'Survivor' Castaway Sets Loose Her Own Tribe's Chickens After New Tribe Emerges

As the number of tribes in Survivor: Edge of Extinction went from two to three, one thing stayed the same for the castaways — drama with the chickens.

In Wednesday's all-new episode of the CBS reality show, Wendy Diaz's insistence that the Manu tribe not kill the chickens it had won continued after she had previously stolen the tribe's flint in an attempt to save them in last week's episode.

Admitting she was "being crazy" in taking the flint, Wendy admitted to the camera she was "not even close to being done," admitting to her fellow castaway that she was enjoying being the "wild card" of the group. It was an admission, that alongside her bizarre behavior, made her enemy number one.

"Right now there are five people working together and Wendy is just the outsider," Kelley Wentworth told the camera. "She's just not a normal person — she hid our flint and thought it was funny. Who does that? She's always going to be the person you're not going to be able to trust. So Wendy is the vote. That seems to make the most sense for everybody."

The rest of Manu soon wouldn't have to deal with Wendy's antics, however, after host Jeff Probst announced that the Manu and Kama tribes would be splitting at random to form the new Lesu tribe. In possibly the most statistically shocking Survivor moment ever, the Lesu tribe was completely comprised of former Manu members, while the new Kama tribe was completely members of the former Kama tribe. The new Manu tribe, meanwhile, consisted of four former Kama and Wendy.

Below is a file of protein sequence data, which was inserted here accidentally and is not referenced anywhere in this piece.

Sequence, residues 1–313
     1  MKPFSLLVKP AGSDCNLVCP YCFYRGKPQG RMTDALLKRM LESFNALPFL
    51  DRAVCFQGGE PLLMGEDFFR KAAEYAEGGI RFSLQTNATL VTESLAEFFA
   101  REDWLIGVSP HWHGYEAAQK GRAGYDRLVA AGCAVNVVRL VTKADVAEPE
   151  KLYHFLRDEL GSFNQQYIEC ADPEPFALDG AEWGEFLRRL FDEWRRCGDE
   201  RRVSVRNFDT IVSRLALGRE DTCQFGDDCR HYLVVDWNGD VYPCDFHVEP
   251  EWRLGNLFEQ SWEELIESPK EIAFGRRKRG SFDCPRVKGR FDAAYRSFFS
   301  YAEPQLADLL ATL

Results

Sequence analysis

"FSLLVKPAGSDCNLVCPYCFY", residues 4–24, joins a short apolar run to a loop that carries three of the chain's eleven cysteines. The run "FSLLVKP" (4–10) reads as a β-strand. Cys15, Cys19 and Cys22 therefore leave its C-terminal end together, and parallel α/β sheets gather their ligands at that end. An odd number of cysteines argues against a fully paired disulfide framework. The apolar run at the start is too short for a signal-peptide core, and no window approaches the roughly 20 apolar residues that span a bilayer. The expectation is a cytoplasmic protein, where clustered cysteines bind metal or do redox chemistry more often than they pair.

"I'm just thinking good luck, good luck with Wendy," Lesu tribe member Rick Devens said upon learning Wendy was no longer his group's problem.

In the new Manu tribe, Wendy quickly proved herself valuable to her new tribe by detailing the exact power structure of her former group.

"If we lose, she's an easy pick off," Aubry Bracco said of Wendy's status as the only original Manu. "But this girl is a wealth of information, and she's an asset."

That all changed for the tribe, however, when in the dead of night, Wendy decided to free the chickens they had planned to eat.

"I feel really bad about doing this, but I know killing the chicken is on their agenda," she whispered to the camera. "And of course, I have my own agenda."

Despite her plot going down in secret, it was immediately apparent who had set free the valuable food source, turning new Manu against her instantly.

"Girl, you set free breakfast, lunch and dinner," Victoria Baamonde complained. "She kind of went nuts. You'd rather get voted out than see a chicken die? That's not someone you trust; that's someone you vote out."

Luckily for Wendy, her tribe was able to secure immunity for the first time after the swap, with the newly-formed Lesu heading for tribal council — a "nightmare," Wentworth lamented, after the five close tribe members had been voting together the whole game.

Things were chaotic in the Lesu tribe as swing vote Dan "WarDog" DaSilva tried to decide whether he would side with David Right and Rick to vote out Lauren O'Connell — who had been sick and not eating for three days — or to go with Wentworth and Lauren to vote out Rick, perceived as the weak link when it came to loyalty heading into the merge.

Heading into the tribal council, the only thing clear was how hard the entire tribe was taking sending a member home until the votes came in — Rick by just one vote.

"This is one of the emotional and incredible tribals I've ever been to, and I've been to a ton," David confessed ahead of the vote.

Of course, Rick embraced the unique chance to head to Extinction Island after his elimination, which means his former tribe members could be seeing him sooner than they think. But will they still have love for one another if he returns?


Survivor airs Wednesdays at 8 p.m. ET on CBS.

Photo credit: CBS